|HBCXMLGen.zip or for Macs: HBCXMLGen-MACOSX.zip|
What It Does
What it says on the tin. This program automatically generates the XML file needed to add a homebrew app to the HBC. An eager-to-please Swing window pops up and asks you to type in all of the parameters required by the HBC. Then, click the big blue button to save a generated XML output somewhere. On Windows and Mac machines, the default OS text editor will pop up proudly displaying the XML file in all of its raw glory.
App finally (should) work! Very embarrassing error on my part.
This app has not had a very happy life. I realised that for the first day or two, NO ONE could run the app. This old lifeless version has since been replaced by a funner and more out-going version that drinks cocktails with little paper umbrellas in it. Since then the old version has retired and found itself a little place near Cornwall to reminisce about the good old days when it was wanted whilst the waves lap against the shore with hypnotic rhythm.
Java can be a tricky devil so post any problems you're having on the Discussion page with full details.
Java is one of those hotly debated topics among the programming community: it's a bit of a Marmite situation (I personally love Marmite. Others would favour eating tar for breakfast).
Java was one of the first programming languages I ever learnt, and it's because of this I have an irrational attachment to it (a bit like Mac fan-boys). But beyond this, Java was ideal for this non-CPU intensive program: it runs on (almost) any OS, it's easy to build UIs for it and it has powerful file IO classes. In fact, Java's in-built library is second to none.
As I said, I will happily provide the source upon request, but it's exquisitely boring. Most of it is generated by the IDE and the WYSIWYG editor I used to design the UI.
Why at all?
I've actually been quite surprised by the number of people who have downloaded this app. Since it wasn't particularly hard to make and required almost no special knowledge, expertise or ingenuity, the fact that no one had attempted such an app before-hand suggested to me that no one felt the need for it. But I'm happy as long as at least one person finds it useful (whether or not you let me know about this doesn't really matter to me: this app wasn't so much an act of generosity as it was a personal aid).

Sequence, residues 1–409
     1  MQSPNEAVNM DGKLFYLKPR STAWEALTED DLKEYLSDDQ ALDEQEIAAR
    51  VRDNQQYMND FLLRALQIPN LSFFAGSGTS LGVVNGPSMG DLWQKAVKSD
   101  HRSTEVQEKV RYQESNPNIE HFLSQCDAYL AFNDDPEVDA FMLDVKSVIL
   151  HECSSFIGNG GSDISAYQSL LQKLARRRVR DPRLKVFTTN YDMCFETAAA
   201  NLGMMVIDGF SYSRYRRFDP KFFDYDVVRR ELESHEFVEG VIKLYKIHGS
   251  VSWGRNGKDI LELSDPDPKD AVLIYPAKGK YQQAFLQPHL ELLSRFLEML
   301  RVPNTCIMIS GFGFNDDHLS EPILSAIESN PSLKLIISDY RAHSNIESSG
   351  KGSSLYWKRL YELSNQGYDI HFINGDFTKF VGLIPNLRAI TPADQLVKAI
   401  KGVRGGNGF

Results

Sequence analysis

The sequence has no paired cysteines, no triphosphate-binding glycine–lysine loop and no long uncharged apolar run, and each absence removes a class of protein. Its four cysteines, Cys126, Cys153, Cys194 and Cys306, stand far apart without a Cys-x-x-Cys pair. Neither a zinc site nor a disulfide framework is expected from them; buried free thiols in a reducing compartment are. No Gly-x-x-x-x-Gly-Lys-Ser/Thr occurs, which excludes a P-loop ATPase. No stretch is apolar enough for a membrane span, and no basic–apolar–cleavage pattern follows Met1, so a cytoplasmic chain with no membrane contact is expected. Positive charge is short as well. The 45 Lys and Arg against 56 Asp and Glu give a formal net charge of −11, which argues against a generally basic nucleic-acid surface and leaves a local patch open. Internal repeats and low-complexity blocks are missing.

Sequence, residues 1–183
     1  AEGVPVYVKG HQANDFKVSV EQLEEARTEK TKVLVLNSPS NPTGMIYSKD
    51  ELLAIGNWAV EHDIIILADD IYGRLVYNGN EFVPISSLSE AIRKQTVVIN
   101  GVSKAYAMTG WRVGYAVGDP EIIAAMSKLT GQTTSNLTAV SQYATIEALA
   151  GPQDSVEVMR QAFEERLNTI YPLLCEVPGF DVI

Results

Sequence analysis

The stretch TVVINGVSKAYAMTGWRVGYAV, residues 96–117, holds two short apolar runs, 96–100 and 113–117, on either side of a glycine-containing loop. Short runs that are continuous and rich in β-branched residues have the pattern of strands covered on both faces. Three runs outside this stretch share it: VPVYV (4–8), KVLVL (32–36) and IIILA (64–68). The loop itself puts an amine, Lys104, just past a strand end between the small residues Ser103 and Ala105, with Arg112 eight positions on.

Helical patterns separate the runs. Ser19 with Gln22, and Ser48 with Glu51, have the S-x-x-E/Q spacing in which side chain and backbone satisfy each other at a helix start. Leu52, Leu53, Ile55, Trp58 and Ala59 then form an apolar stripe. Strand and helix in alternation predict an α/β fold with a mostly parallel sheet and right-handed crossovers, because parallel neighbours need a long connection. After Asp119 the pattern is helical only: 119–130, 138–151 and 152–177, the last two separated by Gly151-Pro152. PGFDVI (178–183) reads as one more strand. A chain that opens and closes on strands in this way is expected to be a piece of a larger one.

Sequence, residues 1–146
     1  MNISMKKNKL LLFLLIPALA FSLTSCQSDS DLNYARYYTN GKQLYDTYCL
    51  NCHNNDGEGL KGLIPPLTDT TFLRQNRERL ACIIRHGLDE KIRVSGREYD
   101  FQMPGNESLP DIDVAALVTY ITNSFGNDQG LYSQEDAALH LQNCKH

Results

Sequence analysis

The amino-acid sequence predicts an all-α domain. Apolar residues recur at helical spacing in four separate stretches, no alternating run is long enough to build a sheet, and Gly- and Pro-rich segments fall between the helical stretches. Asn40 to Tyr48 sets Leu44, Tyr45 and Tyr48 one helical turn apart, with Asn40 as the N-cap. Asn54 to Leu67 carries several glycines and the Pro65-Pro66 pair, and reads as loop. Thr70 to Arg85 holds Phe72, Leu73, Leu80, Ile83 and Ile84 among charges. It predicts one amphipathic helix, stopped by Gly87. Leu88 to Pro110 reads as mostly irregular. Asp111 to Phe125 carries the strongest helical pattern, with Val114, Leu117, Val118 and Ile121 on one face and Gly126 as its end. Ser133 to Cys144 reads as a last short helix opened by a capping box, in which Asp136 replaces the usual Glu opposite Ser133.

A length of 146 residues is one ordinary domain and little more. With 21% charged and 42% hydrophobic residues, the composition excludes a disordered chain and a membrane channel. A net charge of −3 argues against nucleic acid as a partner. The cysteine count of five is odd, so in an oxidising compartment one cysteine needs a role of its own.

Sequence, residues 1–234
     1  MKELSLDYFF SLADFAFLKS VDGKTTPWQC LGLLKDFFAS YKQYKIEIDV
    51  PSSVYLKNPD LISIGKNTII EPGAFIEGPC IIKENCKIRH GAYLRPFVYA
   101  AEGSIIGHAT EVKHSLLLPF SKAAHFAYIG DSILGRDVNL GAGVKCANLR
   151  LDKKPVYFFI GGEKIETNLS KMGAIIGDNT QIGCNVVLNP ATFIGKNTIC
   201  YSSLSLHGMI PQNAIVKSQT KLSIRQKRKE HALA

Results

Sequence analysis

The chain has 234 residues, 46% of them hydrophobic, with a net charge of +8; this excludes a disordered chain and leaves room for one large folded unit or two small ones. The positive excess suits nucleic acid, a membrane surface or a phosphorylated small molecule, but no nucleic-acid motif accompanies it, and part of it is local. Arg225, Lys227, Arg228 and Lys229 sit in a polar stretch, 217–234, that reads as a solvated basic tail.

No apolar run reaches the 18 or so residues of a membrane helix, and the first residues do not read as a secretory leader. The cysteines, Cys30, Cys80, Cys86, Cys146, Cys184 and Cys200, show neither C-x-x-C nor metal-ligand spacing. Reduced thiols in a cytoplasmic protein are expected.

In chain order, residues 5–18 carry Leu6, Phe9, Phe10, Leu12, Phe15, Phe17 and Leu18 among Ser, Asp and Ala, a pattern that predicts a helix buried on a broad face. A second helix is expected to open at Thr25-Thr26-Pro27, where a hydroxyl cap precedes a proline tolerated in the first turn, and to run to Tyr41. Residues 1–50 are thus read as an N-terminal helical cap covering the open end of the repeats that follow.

I always like to solve problems with programs, however small. An hour of my time is well invested if it saves you and me time scrambling around looking for XML tags. Obviously a template file stored somewhere on your system or simply copy-and-pasting an old XML file would be adequate, but I feel this is a somewhat more elegant solution.
Mac OSX users have the choice of downloading either the normal version or the brand new Mac OSX version. It's the same .jar file, but it's wrapped in a nice installer that puts it in your applications folder, creates and alias and checks that the JRE is installed.
The one interesting part of the source is the code which determines the OS of the host system and executes a command accordingly. In this case, it opens a text editor. If there are any beginner Java programmers who may be interested in this: don't hesitate to drop me a message on my Discussion page or on the IRC (although I'm not on it most of the time).
I'd like to thank everyone for being so helpful in helping me find the very stupid mistake I made (more information on the Discussion page). Any comments/bugs/requests/ideas/rantings can be posted on the Discussion page as usual.
Also, feel free to correct any spelling errors. I am a ruthlessly scrappy typist.
Be sure to...
Check out the Discussions page. If you're having trouble running the app, chances are someone else is too...